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San Francisco's Iran puts the "noise" back in noise pop. Some of their songs begin as a swirling cacophony of sound and rhythm where samples loop and blend endlessly, creating a hypnotizing swell that is soon broken by needling, noisy feedback. Others start with a wash of fuzz that opens to reveal scratchily melodic vocals. But before the whole mess disintegrates into a droning scree, beats and guitars rise slowly out of the melee and the formless, swirling mass congeals into something that at least vaguely resembles a song. Notes are still bent and twisted, samples still poke through the fragile fabric, and the result is jarring and strangely beautiful.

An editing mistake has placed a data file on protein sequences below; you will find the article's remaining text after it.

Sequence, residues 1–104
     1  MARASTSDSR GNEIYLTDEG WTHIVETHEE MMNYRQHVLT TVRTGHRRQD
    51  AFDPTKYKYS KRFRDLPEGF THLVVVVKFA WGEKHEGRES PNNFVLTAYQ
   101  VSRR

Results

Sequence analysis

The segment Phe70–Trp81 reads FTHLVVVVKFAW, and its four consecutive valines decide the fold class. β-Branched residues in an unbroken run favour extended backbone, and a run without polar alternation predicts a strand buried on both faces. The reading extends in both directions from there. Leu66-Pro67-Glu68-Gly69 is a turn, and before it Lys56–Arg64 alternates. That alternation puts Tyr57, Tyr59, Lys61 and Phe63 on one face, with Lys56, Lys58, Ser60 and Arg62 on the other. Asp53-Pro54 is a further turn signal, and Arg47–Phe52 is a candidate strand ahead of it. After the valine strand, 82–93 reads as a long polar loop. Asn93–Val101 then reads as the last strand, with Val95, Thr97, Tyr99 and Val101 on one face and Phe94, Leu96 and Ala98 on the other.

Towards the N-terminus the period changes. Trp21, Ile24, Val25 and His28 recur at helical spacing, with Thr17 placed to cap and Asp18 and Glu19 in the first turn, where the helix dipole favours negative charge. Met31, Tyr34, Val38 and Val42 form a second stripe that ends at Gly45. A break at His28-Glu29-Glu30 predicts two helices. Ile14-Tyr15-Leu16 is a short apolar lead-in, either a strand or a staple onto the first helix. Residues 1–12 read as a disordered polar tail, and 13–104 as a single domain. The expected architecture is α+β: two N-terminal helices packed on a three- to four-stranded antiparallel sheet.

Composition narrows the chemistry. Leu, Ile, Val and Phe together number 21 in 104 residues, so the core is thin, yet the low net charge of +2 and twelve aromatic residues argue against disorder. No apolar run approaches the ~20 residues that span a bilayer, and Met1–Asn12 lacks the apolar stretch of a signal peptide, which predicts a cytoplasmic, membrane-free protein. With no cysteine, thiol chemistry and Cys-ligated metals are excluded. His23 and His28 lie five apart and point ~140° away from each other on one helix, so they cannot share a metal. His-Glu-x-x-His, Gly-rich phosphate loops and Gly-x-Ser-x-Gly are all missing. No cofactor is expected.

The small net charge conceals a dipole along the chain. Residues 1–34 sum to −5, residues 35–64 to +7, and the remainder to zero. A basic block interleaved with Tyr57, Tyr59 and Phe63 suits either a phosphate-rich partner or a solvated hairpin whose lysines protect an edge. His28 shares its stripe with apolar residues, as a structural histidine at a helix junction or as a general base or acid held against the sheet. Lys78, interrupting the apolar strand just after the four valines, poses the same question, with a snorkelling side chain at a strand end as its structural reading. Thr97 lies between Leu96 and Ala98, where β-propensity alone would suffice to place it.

This is damaged lo-fi, taken to the extreme limits of possibility, and then retracted, just a smidgen, before it goes careening over the edge. Here and there a guitar hook or a drum fill pokes through the haze, affirming that this is, in fact, rock music. But what kind of rock? Well, that's another question altogether, and one we shall not (and perhaps cannot) answer here. You'll just have to listen and hear for yourself.

The jarring "Yellow Tiger Lemons," the almost-catchy "Pick up/Stillborn," and the disjointed "San Diego" are all from Iran's 2000 self-titled album on tUMULt Records.